What We Like

What We Don't Like

KEF is known as one of the brands that have brought the coaxial design into the mainstream. Their Q300 shows us that just what this transducer layout can do. These are definitely one of the best bookshelf speakers under $1000.


KEF’s design of their Q series doesn’t really change when you go from one end of the spectrum to the other. Instead, it is just scaled up or down. Q300 are the largest speakers in the series, meaning that you get a whole lot of cabinet and larger transducers. Speaking of cabinets, these are made of high-quality MDF that is pretty thick. They have wrapped the entire thing in wood-grain vinyl that gives the Q300 a more natural look.

Baffle at the front covers the entire side of the cabinet and offers solid support to the speakers. KEF’s Q series design is fairly simple yet effective. They have put the transducers up at the top, while the front firing port sits at the bottom. These two imaginary sections are divided by a brushed aluminum bar that bears KEF’s logo. This is pretty much the full extent of aesthetics when it comes to Q300.


As it is the case with its smaller brother, Q300’s main feature are its coax transducers. This time around, we are looking at a 6.5″ aluminum cone woofer that houses a 1″ dome tweeter. Max SPL is set at 110dB while KEF recommends a 15-120 Watt amplifier to be used to power the Q300s. On paper, the entire thing looks pretty refined. However, there is a catch. KEF went ahead and installed a standard first order crossover. Some will justify this decision by saying that coaxial speakers don’t really require that much in terms of crossovers.

However, considering the price we are asked to pay, it would only be fair to get something that is at least a bit better than that. With that said, this flaw doesn’t impact performance all too much. Definitely not enough to discard the Q300 as bad. These speakers have managed to keep up with the ever emerging competition just fine.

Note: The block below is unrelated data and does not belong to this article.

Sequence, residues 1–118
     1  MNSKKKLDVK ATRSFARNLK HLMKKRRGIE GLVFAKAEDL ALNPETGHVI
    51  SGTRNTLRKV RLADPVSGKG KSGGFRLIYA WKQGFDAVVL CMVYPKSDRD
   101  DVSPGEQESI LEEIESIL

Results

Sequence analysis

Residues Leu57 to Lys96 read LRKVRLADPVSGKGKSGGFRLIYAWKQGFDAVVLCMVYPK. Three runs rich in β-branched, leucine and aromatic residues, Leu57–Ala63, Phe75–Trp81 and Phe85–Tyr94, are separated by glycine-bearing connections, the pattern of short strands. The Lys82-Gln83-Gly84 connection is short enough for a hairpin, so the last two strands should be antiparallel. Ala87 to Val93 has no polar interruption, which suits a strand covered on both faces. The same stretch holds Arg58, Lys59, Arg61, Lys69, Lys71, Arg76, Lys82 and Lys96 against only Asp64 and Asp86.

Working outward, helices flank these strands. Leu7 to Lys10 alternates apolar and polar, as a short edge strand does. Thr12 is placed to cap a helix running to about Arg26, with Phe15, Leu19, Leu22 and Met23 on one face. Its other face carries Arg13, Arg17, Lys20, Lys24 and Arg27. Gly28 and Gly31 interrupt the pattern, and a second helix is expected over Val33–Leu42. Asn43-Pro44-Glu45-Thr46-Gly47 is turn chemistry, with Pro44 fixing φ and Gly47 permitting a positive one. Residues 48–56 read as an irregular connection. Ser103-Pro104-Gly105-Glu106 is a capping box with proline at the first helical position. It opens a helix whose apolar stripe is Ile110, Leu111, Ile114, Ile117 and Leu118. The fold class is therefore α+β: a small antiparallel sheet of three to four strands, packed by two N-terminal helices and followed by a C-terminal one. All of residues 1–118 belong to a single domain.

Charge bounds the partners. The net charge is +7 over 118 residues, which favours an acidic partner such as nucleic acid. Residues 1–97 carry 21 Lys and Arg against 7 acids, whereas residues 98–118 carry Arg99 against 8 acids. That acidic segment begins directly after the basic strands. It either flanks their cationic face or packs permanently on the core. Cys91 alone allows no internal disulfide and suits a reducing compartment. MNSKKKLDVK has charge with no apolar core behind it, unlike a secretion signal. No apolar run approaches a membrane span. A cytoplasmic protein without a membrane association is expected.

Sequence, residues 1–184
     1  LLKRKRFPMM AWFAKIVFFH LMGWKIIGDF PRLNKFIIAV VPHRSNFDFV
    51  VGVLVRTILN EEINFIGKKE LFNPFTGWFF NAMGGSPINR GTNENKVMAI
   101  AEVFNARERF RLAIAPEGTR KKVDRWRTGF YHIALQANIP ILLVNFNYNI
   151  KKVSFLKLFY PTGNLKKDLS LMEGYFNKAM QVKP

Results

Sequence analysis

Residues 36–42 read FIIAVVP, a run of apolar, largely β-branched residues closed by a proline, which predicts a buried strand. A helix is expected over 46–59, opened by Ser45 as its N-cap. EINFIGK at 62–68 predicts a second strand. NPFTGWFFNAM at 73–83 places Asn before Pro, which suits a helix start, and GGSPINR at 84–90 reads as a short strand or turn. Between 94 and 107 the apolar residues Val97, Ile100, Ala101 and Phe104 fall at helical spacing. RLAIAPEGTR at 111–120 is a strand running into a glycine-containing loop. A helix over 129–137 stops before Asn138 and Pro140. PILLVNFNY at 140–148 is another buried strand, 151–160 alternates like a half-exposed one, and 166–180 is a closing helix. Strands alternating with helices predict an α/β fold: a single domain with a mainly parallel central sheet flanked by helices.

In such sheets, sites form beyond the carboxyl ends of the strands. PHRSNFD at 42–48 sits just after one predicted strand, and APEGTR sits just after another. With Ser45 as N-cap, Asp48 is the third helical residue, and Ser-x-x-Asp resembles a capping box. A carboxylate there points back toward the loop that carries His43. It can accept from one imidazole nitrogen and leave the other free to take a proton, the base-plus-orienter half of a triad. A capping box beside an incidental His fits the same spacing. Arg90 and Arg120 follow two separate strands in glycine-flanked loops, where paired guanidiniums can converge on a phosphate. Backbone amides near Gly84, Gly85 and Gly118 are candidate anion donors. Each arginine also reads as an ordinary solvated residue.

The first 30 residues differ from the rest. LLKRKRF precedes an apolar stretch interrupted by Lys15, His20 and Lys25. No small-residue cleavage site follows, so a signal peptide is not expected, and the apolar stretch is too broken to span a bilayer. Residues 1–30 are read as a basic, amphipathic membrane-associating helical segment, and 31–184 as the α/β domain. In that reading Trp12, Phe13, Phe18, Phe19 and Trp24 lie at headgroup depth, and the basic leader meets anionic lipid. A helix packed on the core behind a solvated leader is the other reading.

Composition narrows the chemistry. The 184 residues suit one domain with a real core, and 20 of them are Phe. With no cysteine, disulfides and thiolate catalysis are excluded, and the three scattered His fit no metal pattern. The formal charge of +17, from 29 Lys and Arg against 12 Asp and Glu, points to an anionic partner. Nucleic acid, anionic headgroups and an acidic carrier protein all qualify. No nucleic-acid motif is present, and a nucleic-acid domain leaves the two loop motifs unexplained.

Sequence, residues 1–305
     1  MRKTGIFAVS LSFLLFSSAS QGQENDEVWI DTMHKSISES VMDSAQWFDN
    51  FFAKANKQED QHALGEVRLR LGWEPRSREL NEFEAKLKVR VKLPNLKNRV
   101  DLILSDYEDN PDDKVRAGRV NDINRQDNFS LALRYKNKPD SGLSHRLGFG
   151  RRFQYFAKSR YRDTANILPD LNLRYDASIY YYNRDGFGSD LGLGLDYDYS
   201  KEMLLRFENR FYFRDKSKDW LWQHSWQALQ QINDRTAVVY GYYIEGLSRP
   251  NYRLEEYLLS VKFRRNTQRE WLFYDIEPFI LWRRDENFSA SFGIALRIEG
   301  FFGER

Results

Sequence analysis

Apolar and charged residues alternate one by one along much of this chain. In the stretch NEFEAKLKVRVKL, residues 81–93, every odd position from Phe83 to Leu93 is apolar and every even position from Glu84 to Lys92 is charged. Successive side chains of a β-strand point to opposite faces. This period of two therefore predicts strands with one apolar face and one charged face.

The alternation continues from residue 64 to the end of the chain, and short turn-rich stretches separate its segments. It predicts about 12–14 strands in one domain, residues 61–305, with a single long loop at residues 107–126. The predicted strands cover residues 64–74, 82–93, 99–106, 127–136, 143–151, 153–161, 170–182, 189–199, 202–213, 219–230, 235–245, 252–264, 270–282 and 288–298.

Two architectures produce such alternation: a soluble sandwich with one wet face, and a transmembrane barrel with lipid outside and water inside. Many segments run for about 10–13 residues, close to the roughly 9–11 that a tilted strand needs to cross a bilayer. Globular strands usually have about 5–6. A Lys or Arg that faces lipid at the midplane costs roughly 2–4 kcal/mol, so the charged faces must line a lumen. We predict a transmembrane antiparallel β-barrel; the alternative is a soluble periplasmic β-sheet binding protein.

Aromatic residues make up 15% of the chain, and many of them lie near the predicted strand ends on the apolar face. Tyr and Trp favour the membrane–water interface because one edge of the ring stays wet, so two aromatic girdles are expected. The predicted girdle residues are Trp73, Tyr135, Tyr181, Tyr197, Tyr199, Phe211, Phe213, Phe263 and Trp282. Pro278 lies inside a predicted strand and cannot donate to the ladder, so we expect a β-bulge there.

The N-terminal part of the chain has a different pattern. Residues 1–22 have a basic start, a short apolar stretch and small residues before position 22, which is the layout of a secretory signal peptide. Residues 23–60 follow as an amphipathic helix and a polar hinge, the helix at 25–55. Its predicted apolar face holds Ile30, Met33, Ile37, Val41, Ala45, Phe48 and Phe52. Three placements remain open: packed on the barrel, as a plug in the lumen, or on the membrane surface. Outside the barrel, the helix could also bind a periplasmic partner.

The very foundation of Q300’s performance comes in form of its on-axis imaging and extremely low distortion. Right out of the box, these come with an accentuated lower end of mid-range frequencies. Trebles are very direct, sharp and clear while lows abundant and defined. That weak crossover doesn’t really have too much of an impact on what you hear, but corrections can always make things better.

Bang for the buck, Q300 from KEF are awesome. However, if you spend some time and develop a decent DSP corrections map, you can easily boost the performance to a level that is the order of magnitude better. KEF voiced these speakers to bring you their well-known flavor. The only problem here is that not everyone likes that mid boost. Thankfully, they have left us with enough headroom for adjustments so that we can tighten up the response to be more neutral.

The Rumble:

At the end of the day, KEF Q300 pack a great performance in an unconventional package. Right out of the box, these speakers are good. However, that room for refinement makes them so much more interesting.